Avoca prints charming

by Deirdre McQuillan


The Avoca woman may conjure up images of the yummy mummy on the school run, but Amanda Pratt, the force behind the Avoca Anthology clothing line, insists the brand wasn’t created with well-heeled ladies of leisure in mind. Rather, she says, it has a broader appeal to working women – including mothers like herself – who want to get away from the tired old uniform of black suits and mannish trousers. With Avoca’s profits for last year up 73 per cent to €2.07 million, it’s hard to disagree.

The Anthology line’s cheery prints and feminine fabrics offer something different, more colourful and more playful, Pratt says. It’s her style and the way she dresses.

As a designer with a magpie eye, her thrills come from her expeditions sourcing fabrics and trimmings that often spark an idea for a collection. That girlish sense of excitement and surprise is what Pratt strives to convey in her work – like the different coloured buttons on a cardigan.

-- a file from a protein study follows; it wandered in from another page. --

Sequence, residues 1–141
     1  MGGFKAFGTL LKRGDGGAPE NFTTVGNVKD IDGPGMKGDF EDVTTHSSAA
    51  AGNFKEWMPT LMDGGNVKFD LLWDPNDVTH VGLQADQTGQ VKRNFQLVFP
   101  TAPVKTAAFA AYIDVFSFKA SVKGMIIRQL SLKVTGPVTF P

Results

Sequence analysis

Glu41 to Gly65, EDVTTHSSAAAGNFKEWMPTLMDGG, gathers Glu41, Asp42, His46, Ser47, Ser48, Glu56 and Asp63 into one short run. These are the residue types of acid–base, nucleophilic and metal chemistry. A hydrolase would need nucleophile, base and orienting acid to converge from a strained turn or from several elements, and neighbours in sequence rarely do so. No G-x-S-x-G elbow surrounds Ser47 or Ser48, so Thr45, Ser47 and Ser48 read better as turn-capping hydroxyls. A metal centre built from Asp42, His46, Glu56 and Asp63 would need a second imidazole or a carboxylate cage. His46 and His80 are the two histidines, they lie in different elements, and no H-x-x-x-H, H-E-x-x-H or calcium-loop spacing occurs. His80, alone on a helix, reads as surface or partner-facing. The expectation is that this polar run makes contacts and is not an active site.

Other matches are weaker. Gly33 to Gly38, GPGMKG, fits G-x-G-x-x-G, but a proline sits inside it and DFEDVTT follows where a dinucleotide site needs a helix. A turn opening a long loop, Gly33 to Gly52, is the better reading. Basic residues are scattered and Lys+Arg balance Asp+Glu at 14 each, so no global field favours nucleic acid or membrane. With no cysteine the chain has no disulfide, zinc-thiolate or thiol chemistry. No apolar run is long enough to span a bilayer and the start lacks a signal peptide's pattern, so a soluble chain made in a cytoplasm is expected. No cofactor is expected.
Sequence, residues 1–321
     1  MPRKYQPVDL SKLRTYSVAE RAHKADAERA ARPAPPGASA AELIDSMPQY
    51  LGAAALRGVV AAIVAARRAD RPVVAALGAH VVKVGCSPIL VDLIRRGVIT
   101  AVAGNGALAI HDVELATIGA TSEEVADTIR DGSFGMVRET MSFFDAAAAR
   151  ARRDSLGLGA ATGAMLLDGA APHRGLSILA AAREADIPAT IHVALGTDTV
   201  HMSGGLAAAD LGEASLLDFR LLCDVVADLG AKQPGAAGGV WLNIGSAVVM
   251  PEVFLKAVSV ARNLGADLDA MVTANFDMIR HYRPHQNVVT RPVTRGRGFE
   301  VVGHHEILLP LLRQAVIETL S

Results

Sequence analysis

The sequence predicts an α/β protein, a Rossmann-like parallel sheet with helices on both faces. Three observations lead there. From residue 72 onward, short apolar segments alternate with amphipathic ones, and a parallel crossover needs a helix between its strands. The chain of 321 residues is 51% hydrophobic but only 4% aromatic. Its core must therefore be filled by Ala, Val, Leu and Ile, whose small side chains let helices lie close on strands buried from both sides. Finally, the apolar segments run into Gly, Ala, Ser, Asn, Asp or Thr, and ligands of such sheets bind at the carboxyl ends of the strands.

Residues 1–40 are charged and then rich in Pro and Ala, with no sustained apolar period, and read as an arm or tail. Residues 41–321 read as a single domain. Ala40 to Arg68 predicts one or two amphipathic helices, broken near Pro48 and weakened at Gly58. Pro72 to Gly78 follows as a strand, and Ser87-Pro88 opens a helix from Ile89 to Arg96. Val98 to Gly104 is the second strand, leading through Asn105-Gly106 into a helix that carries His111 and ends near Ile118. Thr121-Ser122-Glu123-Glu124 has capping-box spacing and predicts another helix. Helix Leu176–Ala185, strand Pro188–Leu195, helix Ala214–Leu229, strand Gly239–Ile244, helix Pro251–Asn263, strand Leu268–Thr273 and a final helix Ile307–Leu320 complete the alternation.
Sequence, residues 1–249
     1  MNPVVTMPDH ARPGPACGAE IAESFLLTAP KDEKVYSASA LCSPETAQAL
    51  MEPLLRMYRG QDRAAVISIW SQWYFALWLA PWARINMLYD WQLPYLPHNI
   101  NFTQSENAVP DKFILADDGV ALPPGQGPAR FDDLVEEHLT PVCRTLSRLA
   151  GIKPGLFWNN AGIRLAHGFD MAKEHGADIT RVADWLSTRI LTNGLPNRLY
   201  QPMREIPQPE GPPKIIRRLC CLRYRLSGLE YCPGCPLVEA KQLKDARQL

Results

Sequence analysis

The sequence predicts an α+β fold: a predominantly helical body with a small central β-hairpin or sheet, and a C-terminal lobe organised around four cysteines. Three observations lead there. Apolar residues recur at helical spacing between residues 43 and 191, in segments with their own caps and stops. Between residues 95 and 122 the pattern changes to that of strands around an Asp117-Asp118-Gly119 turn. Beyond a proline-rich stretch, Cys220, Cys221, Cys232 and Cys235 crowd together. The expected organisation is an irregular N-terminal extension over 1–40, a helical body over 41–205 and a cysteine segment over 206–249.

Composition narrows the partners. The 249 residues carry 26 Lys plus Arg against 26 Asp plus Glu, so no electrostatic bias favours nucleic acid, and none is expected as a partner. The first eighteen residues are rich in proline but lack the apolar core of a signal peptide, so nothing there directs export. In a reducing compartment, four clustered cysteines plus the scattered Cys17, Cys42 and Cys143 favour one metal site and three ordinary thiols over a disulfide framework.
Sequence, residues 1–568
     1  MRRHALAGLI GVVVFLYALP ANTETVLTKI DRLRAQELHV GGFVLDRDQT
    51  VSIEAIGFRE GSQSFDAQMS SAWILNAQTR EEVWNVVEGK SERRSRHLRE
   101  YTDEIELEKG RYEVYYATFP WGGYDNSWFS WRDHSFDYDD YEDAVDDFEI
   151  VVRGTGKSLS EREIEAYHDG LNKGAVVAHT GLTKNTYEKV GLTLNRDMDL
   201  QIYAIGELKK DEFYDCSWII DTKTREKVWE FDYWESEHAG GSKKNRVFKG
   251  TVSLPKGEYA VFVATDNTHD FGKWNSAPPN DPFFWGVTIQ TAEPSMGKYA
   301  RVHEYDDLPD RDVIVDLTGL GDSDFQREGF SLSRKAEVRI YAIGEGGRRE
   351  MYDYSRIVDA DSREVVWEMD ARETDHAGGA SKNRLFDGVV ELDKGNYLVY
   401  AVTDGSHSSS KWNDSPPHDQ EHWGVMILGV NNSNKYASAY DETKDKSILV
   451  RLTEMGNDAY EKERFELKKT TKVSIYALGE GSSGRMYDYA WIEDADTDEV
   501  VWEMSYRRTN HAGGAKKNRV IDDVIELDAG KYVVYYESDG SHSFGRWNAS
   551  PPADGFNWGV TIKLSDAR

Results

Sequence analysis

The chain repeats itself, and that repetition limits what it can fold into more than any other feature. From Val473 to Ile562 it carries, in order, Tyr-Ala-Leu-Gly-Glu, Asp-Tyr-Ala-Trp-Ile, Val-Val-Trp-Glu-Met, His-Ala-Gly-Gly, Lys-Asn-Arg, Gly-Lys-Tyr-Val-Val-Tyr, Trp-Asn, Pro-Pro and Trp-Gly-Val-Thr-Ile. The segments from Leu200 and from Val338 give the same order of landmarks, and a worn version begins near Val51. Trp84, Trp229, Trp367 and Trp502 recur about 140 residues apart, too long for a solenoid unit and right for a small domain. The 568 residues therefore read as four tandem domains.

Colour can raise the spirits and energise a wardrobe . If there’s a festival feeling to these clothes, it was intentional, says Pratt of her spring collection .

“I wanted it to be about the summer and the outdoor light, but it’s quite a lot more grown up – these are clothes that can be worn to Oxegen, but also to work.”

Most of the fabrics are unique to Avoca, like the printed jersey Giovanni wrap dress, which is longer than it looks in these photographs and has little elbow ties, a typical Avoca flourish.

Apart from the dress, this collection is mostly comprised of separates, such as the Splatter top with ruched shoulders, worn here with cotton stretch jeans trimmed with the same fabric. A Birds of Paradise print tunic in silk is carefree and sunny , but the same fabric is used in a prim shirt, ideal with skirt or jeans.

A fine mesh silk with embroidery is brought into relief over a dark slip and a French jacquard cotton skirt comes with a bow-tie waist. These are the details that define Pratt’s style.

Just back from sourcing fabrics in Paris for next year’s collection, she has her eye on a feathered fabric for a winter g ilet. In the meantime, this collection will be laun ched on Tuesday and is already a winner in northern Europe and the UK.

“I like the fact that, given that the Scandinavians have so many customers here in Ireland, that now an Irish brand can be sold back to them.”

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